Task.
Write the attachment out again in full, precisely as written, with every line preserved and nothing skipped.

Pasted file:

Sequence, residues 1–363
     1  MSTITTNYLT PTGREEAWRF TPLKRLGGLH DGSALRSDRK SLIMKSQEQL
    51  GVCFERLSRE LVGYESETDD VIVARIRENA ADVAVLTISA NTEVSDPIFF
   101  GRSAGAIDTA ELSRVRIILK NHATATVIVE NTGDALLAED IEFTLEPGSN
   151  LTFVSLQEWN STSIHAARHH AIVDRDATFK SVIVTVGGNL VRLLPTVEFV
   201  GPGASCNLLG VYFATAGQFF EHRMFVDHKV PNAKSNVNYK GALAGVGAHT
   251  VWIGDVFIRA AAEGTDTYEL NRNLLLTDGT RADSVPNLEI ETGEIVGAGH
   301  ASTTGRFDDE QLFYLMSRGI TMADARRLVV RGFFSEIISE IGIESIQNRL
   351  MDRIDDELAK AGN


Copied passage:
Sequence, residues 1–363
     1  MSTITTNYLT PTGREEAWRF TPLKRLGGLH DGSALRSDRK SLIMKSQEQL
    51  GVCFERLSRE LVGYESETDD VIVARIRENA ADVAVLTISA NTEVSDPIFF
   101  GRSAGAIDTA ELSRVRIILK NHATATVIVE NTGDALLAED IEFTLEPGSN
   151  LTFVSLQEWN STSIHAARHH AIVDRDATFK SVIVTVGGNL VRLLPTVEFV
   201  GPGASCNLLG VYFATAGQFF EHRMFVDHKV PNAKSNVNYK GALAGVGAHT
   251  VWIGDVFIRA AAEGTDTYEL NRNLLLTDGT RADSVPNLEI ETGEIVGAGH
   301  ASTTGRFDDE QLFYLMSRGI TMADARRLVV RGFFSEIISE IGIESIQNRL
   351  MDRIDDELAK AGN